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Staying or going?

The Hockey News

The Hockey News

In the wake of the Detroit Red Wings’ playoff elimination, speculation abounds that long-time Wings defenseman Nicklas Lidstrom has played his final NHL game.

Lidstrom, 40, had a slow start to this season, but had a strong second half to finish with 49 points in 82 games and a plus- 22 rating. He also had a terrific playoff performance, scoring four goals and 10 points in 12 games with a plus-7 rating.

When asked about his future plans, Lidstrom told the Detroit media he hadn’t given it any serious thought yet and intended to meet with Red Wings GM Ken Holland in a few weeks to discuss his options.

Current thinking is Lidstrom will return for another season, but he’ll have to accept a pay cut. He earned $7.45 million in 2009-10 and might have to accept less than $6 million for next season to give the Red Wings more cap space to address other roster needs.

Lidstrom’s decision will be based in part on whether or not he feels he can perform at an elite level, but family could also be a factor. Kukla’s Korner reported Lidstrom’s oldest son has been accepted into a Swedish hockey school this fall.

• Brian Boucher has done an admirable job helping the Philadelphia Flyers advance to the Eastern Conference semifinal, but he’s not going to be their starting goalie next season.

Rob Parent of considers Boucher and Michael Leighton worthy backups, but believes the Flyers’ priority this summer should be landing a true No. 1 goaltender.

Parent pointed out this summer’s free agent market is thin for quality starting goalies, with perhaps San Jose’s Evgeni Nabokov and Dallas’ Marty Turco being the best options. He suggested GM Paul Holmgren will have to consider the trade route, making tongue-in-cheek suggestions of perhaps shopping Simon Gagne or a package of Braydon Coburn and Scott Hartnell.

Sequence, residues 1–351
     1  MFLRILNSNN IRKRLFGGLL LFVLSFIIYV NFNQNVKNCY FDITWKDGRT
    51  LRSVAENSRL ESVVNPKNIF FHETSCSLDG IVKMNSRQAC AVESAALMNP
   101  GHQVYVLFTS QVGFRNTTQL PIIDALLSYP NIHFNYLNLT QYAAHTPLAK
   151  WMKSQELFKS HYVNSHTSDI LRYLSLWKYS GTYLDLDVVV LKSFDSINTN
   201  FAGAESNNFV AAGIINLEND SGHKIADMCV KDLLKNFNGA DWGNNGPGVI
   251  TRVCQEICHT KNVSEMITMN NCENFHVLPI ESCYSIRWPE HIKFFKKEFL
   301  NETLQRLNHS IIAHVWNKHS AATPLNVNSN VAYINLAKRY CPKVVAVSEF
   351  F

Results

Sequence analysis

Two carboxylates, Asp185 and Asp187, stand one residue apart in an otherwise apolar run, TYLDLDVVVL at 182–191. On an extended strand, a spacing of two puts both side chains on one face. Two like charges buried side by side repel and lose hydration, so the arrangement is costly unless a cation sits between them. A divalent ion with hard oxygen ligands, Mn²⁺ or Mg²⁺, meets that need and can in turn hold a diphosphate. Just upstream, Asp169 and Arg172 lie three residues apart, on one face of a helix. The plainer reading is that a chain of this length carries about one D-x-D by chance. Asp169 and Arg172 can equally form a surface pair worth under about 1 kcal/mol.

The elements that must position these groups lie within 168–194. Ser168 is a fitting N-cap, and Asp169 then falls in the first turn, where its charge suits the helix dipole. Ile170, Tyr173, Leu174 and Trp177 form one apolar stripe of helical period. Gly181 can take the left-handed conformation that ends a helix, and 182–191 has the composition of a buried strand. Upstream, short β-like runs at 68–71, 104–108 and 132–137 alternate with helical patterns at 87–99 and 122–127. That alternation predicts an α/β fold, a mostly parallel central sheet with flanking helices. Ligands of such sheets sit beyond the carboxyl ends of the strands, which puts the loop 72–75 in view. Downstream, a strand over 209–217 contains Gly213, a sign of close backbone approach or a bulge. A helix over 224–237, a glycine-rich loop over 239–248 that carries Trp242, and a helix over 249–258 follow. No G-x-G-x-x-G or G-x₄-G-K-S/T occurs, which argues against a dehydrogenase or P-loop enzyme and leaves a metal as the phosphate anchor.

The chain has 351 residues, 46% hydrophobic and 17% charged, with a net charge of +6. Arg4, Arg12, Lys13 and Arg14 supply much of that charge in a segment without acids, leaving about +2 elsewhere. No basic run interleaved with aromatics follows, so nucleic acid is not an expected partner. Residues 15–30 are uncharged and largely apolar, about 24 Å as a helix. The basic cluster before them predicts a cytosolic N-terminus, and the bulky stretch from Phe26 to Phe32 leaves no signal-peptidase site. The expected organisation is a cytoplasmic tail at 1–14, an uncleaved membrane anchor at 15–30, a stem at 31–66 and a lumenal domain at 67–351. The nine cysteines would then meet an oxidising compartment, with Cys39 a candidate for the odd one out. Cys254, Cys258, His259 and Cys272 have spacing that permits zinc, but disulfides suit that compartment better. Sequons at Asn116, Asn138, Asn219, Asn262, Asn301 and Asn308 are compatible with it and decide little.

Gagne and Hartnell have no-trade clauses and are probably unwilling to waive them. If the Flyers do go the trade route for a goalie it could cost them a quality roster player, like Coburn or perhaps Jeff Carter, who lacks a no-movement clause in his contract.

Given the Flyers’ limited cap space they would have to free up salary to either sign a UFA netminder or trade for a true starter, like Florida’s Tomas Vokoun, whom the Flyers were linked to prior to the 2010 trade deadline.

•’s Pierre LeBrun reported the Los Angeles Kings are likely to aggressively pursue a big name player this summer.

LeBrun claimed their prime target is Ilya Kovalchuk, who’s eligible for unrestricted free agency in July. If he’s unavailable, the Kings might pursue Patrick Marleau if he’s not re-signed by the San Jose Sharks before July 1.

If they cannot find what they seek via free agency, Los Angeles could also go the trade route, as LeBrun notes the Kings are “loaded with assets” from years of rebuilding and there’ll be teams this summer looking to dump salary and willing to move forwards.

The Chicago Blackhawks are a prime target as they’re already capped out for next season and must shed some salary to re-sign their own players and still be under next season’s cap limit.

• Don’t expect Sergei Kostitsyn to be back with the Montreal Canadiens next season.

A restricted free agent this summer, Kostitsyn’s indifferent play has him banished to the press box for the Canadiens-Penguins series and his poor attitude and work ethic in practice has incurred the wrath of his teammates.

It’s possible the Habs will try trading him this summer and more than a few Canadiens fans would love to see him packaged with his underachieving brother, Andrei, but the same issues that have made Sergei persona non grata within the Canadiens organization also work against a trade.

It was rumored at mid-season Sergei Kostitsyn would jump to the Kontinental League despite being under contract with the Habs, but was warned doing so would’ve prevented him from playing for Belarus at the 2010 Winter Olympics.

As a free agent this summer, however, he can sign wherever he wants so don’t be surprised if he bolts for a KHL team.

Rumor Roundup appears Mondays and Thursdays only on Lyle Richardson has been an NHL commentator since 1998 on his website,, and is a contributing writer for and Eishockey Magazine.



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